BEIJING (Reuters) - American swimmer Jessica Hardy has withdrawn from the Beijing Games after failing a dope test at the Olympic trials last month, her lawyer and USA Swimming said on Saturday.
“Based upon information obtained as recently as today, August 1, she accepts the fact that the testing was properly done and the results properly reported,” lawyer Howard Jacobs said in a statement.
“She sadly accepts the fact that this necessarily means she will not be able to compete in the upcoming Olympics in Beijing, and faces a possible two-year suspension of eligibility.
“Jessica is heartbroken at this turn of events, as making the U.S. Olympic Team was her cherished dream and proudest moment. She intends to resume her swimming career as soon as possible, and to again fulfill her Olympic dream in 2012.”
USA Swimming Executive Director Chuck Wielgus said the 21-year-old would be replaced in the two events she had qualified for, the 100 meters breastroke and 50 meters freestyle, by swimmers from the existing roster.
“Rebecca Soni will swim the 100m breaststroke and Kara Lynn Joyce will swim the 50m freestyle,” he said in a statement on the USA Swimming website (www.usaswimming.org).
Soni, a first time Olympian, had already qualified for the 200m breaststroke while Joyce, who competed in Athens four years ago, was a late addition to the U.S. roster as a 4x100m freestyle relay alternate.
Hardy was a strong medal contender as former world record holder in the 100m breaststroke as well as current short course record holder in the 50m breaststroke.
While her second doping test on July 4 at the Omaha trials revealed traces of the banned stimulant clenbuterol, her first and third tests that same week came back negative.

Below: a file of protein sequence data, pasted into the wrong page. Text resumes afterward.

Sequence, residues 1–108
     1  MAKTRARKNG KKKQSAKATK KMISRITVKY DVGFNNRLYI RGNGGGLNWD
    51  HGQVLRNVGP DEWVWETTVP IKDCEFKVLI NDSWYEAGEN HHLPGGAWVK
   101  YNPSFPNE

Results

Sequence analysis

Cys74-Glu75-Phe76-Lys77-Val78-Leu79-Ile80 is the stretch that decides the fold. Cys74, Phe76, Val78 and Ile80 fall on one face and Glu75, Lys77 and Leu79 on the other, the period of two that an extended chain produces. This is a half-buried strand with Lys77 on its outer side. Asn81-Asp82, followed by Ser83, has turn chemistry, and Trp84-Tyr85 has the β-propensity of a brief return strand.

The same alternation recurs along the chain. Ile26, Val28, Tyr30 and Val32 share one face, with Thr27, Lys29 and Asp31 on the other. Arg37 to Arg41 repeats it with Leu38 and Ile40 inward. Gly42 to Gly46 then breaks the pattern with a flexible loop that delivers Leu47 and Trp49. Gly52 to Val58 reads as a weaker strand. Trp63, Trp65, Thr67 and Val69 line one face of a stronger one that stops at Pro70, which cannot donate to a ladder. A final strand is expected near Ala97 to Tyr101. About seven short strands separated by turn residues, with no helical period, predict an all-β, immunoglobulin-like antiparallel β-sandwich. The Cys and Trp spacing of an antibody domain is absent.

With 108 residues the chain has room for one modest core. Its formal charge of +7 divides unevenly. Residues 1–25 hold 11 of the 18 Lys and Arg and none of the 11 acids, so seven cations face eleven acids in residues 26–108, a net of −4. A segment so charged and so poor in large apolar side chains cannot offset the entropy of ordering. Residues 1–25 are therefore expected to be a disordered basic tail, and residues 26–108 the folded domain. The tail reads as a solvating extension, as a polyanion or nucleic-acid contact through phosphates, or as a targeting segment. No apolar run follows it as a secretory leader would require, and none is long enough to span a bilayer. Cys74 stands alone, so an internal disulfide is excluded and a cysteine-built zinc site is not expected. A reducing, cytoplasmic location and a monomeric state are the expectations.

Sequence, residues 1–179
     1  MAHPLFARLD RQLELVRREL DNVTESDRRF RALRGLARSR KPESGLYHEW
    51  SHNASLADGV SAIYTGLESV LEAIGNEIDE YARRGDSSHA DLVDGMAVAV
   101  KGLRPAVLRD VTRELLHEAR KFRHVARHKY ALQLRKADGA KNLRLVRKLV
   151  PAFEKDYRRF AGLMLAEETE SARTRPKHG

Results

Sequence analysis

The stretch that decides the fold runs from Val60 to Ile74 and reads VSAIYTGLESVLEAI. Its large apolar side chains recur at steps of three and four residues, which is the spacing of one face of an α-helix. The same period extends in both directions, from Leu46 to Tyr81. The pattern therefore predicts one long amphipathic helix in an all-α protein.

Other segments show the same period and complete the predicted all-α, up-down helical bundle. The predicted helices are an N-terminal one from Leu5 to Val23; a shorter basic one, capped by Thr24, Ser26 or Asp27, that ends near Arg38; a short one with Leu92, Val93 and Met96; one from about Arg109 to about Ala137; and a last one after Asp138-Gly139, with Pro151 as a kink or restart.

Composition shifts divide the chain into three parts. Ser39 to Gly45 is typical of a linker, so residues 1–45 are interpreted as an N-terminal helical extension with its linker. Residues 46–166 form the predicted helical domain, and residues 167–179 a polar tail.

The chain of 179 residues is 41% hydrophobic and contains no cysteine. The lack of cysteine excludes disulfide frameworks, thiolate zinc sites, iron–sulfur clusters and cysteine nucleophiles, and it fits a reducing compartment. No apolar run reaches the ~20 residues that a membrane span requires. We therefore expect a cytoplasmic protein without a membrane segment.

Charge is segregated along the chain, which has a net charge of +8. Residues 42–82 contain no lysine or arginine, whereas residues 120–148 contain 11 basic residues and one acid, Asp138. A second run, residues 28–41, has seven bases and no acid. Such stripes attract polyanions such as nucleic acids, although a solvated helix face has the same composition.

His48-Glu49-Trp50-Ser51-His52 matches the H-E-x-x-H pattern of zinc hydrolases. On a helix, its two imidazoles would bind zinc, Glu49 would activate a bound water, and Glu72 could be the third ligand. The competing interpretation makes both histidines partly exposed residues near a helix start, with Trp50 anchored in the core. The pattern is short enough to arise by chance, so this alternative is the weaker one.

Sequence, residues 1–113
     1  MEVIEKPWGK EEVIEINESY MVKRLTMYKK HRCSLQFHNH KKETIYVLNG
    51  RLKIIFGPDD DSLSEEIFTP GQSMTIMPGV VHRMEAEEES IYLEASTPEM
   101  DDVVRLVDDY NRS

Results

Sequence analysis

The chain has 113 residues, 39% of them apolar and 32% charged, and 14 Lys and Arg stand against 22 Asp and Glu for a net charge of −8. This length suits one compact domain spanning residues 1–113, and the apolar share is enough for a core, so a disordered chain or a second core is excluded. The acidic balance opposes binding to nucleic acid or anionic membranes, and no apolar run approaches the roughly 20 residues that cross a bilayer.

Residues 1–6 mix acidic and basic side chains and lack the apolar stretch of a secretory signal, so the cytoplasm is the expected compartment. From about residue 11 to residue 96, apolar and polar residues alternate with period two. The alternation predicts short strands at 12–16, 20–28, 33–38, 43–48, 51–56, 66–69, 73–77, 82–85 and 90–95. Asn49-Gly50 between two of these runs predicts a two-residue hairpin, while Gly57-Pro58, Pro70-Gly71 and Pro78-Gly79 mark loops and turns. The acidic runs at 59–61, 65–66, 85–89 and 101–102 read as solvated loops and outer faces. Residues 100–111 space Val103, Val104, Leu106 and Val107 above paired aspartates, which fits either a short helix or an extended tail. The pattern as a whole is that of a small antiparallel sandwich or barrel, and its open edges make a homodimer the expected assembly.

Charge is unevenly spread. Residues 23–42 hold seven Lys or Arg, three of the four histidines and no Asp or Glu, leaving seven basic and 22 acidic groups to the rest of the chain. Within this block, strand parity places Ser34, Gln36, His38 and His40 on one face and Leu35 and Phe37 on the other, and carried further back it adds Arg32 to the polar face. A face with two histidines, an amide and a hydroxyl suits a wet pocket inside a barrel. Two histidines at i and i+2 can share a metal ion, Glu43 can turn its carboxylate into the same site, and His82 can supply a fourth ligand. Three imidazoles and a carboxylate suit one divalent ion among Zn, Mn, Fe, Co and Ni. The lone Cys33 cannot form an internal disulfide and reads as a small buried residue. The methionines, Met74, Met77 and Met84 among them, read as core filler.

The Californian swimmer said last week that she had no idea how the positive test happened and had hoped to clear herself in time to compete at the Olympics starting on August 8.
A first-time doping offence usually results in a two-year ban, but Jacobs said Hardy had not knowingly or intentionally taken any banned substances and hoped to have any penalty reduced significantly.
“We are going to seek to have her suspension reduced and reserve the right to bring that issue to arbitration,” he told Reuters by telephone from Los Angeles. A hearing was expected in the next few months.
The U.S. anti-doping agency USADA said in a separate statement that Hardy could have contested the results and gone to arbitration but had agreed to withdraw in the best interests of the team.
USADA chief executive Travis T. Tygart said Hardy was “working expediently and agreeably to resolve the situation with as little impact to the U.S. Olympic team as possible.
“While some might have chosen to exhaust their legal options to try to force their way into the Games, Jessica instead chose to put her team’s interests ahead of her own.”
Editing by Miles Evans